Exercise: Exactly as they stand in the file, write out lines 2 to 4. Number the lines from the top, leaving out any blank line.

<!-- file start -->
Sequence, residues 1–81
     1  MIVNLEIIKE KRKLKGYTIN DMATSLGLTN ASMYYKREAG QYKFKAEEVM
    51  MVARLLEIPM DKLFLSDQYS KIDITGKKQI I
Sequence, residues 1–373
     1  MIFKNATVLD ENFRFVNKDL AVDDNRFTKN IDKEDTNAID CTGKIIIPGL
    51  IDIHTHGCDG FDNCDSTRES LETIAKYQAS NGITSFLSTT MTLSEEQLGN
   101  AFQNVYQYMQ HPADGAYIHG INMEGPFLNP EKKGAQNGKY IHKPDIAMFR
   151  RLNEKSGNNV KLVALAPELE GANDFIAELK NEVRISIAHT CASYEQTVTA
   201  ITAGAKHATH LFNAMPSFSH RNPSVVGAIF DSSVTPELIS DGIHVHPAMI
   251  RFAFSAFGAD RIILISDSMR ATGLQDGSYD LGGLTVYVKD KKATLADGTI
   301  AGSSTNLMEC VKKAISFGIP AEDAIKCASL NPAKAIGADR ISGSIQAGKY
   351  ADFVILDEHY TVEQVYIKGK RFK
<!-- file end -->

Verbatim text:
     1  MIVNLEIIKE KRKLKGYTIN DMATSLGLTN ASMYYKREAG QYKFKAEEVM
    51  MVARLLEIPM DKLFLSDQYS KIDITGKKQI I
Sequence, residues 1–373